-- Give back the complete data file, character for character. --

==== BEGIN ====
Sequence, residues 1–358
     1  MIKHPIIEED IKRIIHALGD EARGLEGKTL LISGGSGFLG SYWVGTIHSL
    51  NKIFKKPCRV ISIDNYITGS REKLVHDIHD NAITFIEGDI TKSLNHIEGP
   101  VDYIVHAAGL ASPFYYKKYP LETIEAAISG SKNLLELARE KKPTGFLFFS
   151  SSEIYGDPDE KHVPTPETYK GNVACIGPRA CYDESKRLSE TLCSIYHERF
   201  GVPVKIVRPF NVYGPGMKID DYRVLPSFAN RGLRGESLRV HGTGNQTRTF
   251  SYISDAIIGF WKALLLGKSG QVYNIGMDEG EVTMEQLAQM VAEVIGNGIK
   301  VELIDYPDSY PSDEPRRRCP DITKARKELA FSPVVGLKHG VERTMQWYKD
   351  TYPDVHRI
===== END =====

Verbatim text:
Sequence, residues 1–358
     1  MIKHPIIEED IKRIIHALGD EARGLEGKTL LISGGSGFLG SYWVGTIHSL
    51  NKIFKKPCRV ISIDNYITGS REKLVHDIHD NAITFIEGDI TKSLNHIEGP
   101  VDYIVHAAGL ASPFYYKKYP LETIEAAISG SKNLLELARE KKPTGFLFFS
   151  SSEIYGDPDE KHVPTPETYK GNVACIGPRA CYDESKRLSE TLCSIYHERF
   201  GVPVKIVRPF NVYGPGMKID DYRVLPSFAN RGLRGESLRV HGTGNQTRTF
   251  SYISDAIIGF WKALLLGKSG QVYNIGMDEG EVTMEQLAQM VAEVIGNGIK
   301  VELIDYPDSY PSDEPRRRCP DITKARKELA FSPVVGLKHG VERTMQWYKD
   351  TYPDVHRI